7 Generation Games won passes to E3 (the annual Electronic Entertainment Expo – which draws approximately 70,000 attendees each year!) for having the “Best Learning Games Artwork” at the Department of Education’s EDGames Expo. Thanks to the ESA and IES for making our developers’ days – giving them a chance to get out of the office and see the newest, coolest and upcoming-est things in video gaming. We asked them to write about their experience. 7 Generation Games developer Gonzalo Serrano chronicles his first day.
Heading into E3, there was one exhibit that I wanted to see above all others: Borderlands 3. I have played all the games leading up to this release. There was a 90-minute wait line to play the demo. But while waiting, before we got a chance to play, we were shown a short video about the changes we could expect to see. Even though it was an hour-and-a-half wait, I was pleased to see we weren’t just rushed through when we got to play. I was able to play 20 minutes and see the changes to the previous games.
The increased focus on the multiplayer aspects of the game were interesting. They were adding multiple features that would make social interactions better. At the end of my play test, I got a gift bag for attending which came with some really cool poster art as well as a mask of one of the non player characters.
Borderlands 3 along with Cyberpunk 2077 were probably the most anticipated exhibits, but there were multiple large displays. I did not get to go to the Cyberpunk exhibit, but I got to see several other developer exhibits.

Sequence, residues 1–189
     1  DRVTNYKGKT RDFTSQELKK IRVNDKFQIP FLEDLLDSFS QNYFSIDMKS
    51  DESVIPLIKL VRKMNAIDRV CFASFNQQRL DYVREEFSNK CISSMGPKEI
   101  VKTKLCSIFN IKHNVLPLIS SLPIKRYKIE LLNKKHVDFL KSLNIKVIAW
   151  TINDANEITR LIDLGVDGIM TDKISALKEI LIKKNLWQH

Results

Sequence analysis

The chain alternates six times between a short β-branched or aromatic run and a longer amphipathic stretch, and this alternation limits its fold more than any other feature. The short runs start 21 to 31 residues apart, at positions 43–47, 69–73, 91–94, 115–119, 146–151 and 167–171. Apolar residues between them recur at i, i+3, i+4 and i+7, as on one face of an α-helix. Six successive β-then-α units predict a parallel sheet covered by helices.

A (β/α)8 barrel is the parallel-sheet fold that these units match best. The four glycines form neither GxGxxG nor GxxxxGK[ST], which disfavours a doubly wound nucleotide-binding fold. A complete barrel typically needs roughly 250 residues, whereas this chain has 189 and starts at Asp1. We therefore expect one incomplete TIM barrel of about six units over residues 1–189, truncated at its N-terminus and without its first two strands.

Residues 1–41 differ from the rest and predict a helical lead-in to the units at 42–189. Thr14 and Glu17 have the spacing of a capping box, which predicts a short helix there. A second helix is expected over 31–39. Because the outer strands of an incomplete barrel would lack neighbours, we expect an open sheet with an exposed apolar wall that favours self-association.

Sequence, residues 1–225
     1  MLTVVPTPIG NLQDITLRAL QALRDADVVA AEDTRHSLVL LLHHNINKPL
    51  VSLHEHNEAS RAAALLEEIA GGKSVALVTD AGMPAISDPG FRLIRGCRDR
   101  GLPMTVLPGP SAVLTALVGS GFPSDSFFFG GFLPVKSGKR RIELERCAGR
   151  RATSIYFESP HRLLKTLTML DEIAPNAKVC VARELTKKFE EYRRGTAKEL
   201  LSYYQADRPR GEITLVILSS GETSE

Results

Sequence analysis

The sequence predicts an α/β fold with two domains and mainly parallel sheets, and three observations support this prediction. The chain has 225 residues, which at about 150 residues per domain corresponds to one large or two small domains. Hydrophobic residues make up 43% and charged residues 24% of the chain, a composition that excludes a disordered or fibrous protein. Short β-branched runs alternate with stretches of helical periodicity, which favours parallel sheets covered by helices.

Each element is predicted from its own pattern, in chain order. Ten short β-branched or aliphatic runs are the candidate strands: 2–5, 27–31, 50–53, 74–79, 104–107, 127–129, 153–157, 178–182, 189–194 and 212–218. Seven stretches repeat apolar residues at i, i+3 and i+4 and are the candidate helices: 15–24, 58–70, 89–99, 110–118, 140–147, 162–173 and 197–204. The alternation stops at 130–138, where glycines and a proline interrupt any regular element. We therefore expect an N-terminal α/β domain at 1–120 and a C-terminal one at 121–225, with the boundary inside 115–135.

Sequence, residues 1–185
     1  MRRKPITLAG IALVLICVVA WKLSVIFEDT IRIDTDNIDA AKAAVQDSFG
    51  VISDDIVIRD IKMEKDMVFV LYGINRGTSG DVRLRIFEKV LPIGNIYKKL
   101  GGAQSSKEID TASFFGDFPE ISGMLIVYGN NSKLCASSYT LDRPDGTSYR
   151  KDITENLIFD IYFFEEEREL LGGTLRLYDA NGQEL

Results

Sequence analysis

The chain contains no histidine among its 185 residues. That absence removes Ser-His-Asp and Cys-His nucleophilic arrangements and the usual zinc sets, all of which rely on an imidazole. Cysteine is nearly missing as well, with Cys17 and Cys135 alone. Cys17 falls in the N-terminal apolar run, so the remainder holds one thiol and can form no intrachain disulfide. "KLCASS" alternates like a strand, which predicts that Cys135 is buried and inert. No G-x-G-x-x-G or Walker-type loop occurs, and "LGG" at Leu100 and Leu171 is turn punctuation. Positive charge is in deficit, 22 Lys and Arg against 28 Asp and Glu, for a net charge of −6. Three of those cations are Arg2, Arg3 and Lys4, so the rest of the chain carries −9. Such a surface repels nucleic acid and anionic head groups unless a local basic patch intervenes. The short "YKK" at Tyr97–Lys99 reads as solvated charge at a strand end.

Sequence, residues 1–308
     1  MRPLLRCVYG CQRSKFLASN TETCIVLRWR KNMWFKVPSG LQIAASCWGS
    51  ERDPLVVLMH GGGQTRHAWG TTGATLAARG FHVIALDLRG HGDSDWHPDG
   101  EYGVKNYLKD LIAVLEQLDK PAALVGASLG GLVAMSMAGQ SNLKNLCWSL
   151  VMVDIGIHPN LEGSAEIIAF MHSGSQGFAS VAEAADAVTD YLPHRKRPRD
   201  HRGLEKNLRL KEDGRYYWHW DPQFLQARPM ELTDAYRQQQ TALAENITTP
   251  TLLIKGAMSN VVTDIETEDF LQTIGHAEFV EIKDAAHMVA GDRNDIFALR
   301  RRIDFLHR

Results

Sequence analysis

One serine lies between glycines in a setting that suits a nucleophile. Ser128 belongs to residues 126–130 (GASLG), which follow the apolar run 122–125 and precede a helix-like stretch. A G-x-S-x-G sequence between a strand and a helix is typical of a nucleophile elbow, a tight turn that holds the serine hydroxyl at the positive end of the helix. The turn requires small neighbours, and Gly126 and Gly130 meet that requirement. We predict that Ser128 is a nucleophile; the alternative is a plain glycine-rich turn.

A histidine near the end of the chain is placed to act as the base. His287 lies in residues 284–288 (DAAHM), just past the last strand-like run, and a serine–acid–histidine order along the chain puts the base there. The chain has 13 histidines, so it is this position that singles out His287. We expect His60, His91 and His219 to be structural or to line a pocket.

I attended the Star Wars: The Skywalker Saga show, which was a small panel on what the game would be like. The team that worked on the game used real-life Lego models in the game and said they would allow players to view the models brick-by-brick in case they wanted to build what they saw. The game would cover the story of all nine Star Wars movies and would play as a sandbox game where players could do the story or just build things with Lego bricks. Lego here seems to be prioritizing player creativity and giving them freedom to do whatever they want with their Legos.
Another smaller exhibit I attended was The Elder Scrolls: Blades, which is a mobile game. It is available on the Nintendo Switch as well as mobile devices. While the visuals were great, I had an issue with the gameplay. The controls for movement felt fine, but the combat was what I had an issue with. I couldn’t exit combat if I didn’t want to fight something. Once something engaged in combat, I was stuck until it was over. The combat didn’t feel fluid, and there was only so much you could do that it felt scripted. The combat makes you think it will be real-time, but the abilities you have make it feel like it is turn-based instead. The game just made me think that mobile controls and users interface are still something developers have to constantly be improving, especially since mobile games are getting more of a spotlight.
I also got to visit a small exhibit for the National Videogame Museum, which had several arcade machines on display.
Fortnite had a gigantic exhibit where they had attendees participating in events. There were several giant statues and figures for different games. Monster Hunter had a giant ice dragon as well as a Palico (cat-like creatures) statue. There was race game that had a giant Gravedigger monster truck on display. There was cosplay for a lot of games, and people were taking pictures everywhere.
Overall, it was an enjoyable experience and I am glad I got to attend.